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Effects of agricultural pesticides on the susceptibility and fitness of malaria vectors in rural south-eastern Tanzania

Urio, Naomi H., Pinda, Polius G., Ngonzi, Amos J., Muyaga, Letus L., Msugupakulya, Betwel, Finda, Marceline, Matanila, Godfrey S., Mponzi, Winifrida, Ngowo, Halfan S., Kahamba, Najat F., Nkya, Theresia E. and Okumu, Fredros O. (2022) 'Effects of agricultural pesticides on the susceptibility and fitness of malaria vectors in rural south-eastern Tanzania'. Parasites & Vectors, Vol 15, Issue 1, e213.

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Abstract

Background: Agricultural pesticides may exert strong selection pressures on malaria vectors during the aquatic life stages and may contribute to resistance in adult mosquitoes. This could reduce the performance of key vector control interventions such as indoor-residual spraying and insecticide-treated nets. The aim of this study was to investigate effects of agrochemicals on susceptibility and fitness of the malaria vectors across farming areas in Tanzania.

Methods: An exploratory mixed-methods study was conducted to assess pesticide use in four villages (V1–V4) in south-eastern Tanzania. Anopheles gambiae (s.l.) larvae were collected from agricultural fields in the same villages and their emergent adults examined for insecticide susceptibility, egg-laying and wing lengths (as proxy for body size). These tests were repeated using two groups of laboratory-reared An. arabiensis, one of which was pre-exposed for 48 h to sub-lethal aquatic doses of agricultural pesticides found in the villages.

Results: Farmers lacked awareness about the linkages between the public health and agriculture sectors but were interested in being more informed. Agrochemical usage was reported as extensive in V1, V2 and V3 but minimal in V4. Similarly, mosquitoes from V1 to V3 but not V4 were resistant to pyrethroids and either pirimiphos-methyl or bendiocarb, or both. Adding the synergist piperonyl butoxide restored potency of the pyrethroids. Pre-exposure of laboratory-reared mosquitoes to pesticides during aquatic stages did not affect insecticide susceptibility in emergent adults of the same filial generation. There was also no effect on fecundity, except after pre-exposure to organophosphates, which were associated with fewer eggs and smaller mosquitoes. Wild mosquitoes were smaller than laboratory-reared ones, but fecundity was similar.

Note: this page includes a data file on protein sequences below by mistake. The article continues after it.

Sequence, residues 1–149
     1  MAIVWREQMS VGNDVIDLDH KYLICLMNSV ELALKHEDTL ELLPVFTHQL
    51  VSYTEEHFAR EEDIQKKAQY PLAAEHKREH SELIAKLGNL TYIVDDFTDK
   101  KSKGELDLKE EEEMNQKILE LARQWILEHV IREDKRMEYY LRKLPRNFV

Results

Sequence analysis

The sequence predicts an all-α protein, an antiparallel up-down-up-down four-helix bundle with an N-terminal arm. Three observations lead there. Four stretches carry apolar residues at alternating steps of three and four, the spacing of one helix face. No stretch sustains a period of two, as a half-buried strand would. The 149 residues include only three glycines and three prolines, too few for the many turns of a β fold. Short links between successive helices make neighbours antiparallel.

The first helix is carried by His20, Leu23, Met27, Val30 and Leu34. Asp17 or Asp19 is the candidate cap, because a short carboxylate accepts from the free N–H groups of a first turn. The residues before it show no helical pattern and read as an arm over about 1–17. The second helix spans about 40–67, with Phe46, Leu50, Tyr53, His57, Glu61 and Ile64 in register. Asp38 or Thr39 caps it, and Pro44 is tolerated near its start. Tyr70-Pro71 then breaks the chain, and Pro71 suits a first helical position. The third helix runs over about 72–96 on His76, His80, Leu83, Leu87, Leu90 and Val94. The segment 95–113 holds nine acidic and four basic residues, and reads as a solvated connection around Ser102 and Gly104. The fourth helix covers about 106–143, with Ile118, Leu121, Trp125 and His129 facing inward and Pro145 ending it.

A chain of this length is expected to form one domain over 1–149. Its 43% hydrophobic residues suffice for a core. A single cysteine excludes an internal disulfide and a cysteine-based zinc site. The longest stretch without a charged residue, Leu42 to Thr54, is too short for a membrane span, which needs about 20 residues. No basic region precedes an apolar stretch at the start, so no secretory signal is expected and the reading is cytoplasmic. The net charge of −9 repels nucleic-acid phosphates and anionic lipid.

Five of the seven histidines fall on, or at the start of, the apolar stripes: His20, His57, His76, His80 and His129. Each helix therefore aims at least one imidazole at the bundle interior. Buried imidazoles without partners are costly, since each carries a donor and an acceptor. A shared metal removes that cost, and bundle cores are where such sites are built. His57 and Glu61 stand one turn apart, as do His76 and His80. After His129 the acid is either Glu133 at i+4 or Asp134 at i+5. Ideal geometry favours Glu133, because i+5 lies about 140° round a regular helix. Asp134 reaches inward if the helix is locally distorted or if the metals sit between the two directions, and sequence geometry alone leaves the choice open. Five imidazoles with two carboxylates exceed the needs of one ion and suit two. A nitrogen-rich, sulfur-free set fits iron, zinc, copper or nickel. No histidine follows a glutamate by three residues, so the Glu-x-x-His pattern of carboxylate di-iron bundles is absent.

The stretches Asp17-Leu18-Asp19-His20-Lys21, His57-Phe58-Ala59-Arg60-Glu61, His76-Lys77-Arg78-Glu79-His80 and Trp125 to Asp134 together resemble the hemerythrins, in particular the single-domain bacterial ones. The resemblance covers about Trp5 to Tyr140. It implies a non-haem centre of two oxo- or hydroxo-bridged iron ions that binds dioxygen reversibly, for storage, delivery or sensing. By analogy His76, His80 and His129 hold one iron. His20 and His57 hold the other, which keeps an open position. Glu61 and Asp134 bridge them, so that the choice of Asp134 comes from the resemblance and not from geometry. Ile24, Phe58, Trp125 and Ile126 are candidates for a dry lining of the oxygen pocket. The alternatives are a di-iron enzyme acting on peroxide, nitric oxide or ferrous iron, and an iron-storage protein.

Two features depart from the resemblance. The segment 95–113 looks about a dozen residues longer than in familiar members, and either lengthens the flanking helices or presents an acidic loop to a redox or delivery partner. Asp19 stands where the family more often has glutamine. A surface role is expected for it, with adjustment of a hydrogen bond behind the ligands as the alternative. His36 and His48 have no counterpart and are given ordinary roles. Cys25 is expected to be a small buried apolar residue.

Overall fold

Conclusions: Safeguarding the potential of insecticide-based interventions requires improved understanding of how agricultural pesticides influence important life cycle processes and transmission potential of mosquito vectors. In this study, susceptibility of mosquitoes to public health insecticides was lower in villages reporting frequent use of pesticides compared to villages with little or no pesticide use. Variations in the fitness parameters, fecundity and wing length marginally reflected the differences in exposure to agrochemicals and should be investigated further. Pesticide use may exert additional life cycle constraints on mosquito vectors, but this likely occurs after multi-generational exposures.

Item Type: Article
Subjects: QX Parasitology > Insects. Other Parasites > QX 600 Insect control. Tick control
QX Parasitology > Insects. Other Parasites > QX 650 Insect vectors
WA Public Health > Preventive Medicine > WA 110 Prevention and control of communicable diseases. Transmission of infectious diseases
WA Public Health > Preventive Medicine > WA 240 Disinfection. Disinfestation. Pesticides (including diseases caused by)
WC Communicable Diseases > Tropical and Parasitic Diseases > WC 750 Malaria
Faculty: Department: Biological Sciences > Vector Biology Department
Digital Object Identifer (DOI): https://doi.org/10.1186/s13071-022-05318-3
SWORD Depositor: JISC Pubrouter
Depositing User: JISC Pubrouter
Date Deposited: 28 Sep 2022 12:44
Last Modified: 28 Sep 2022 12:44
URI: https://archive.lstmed.ac.uk/id/eprint/20605

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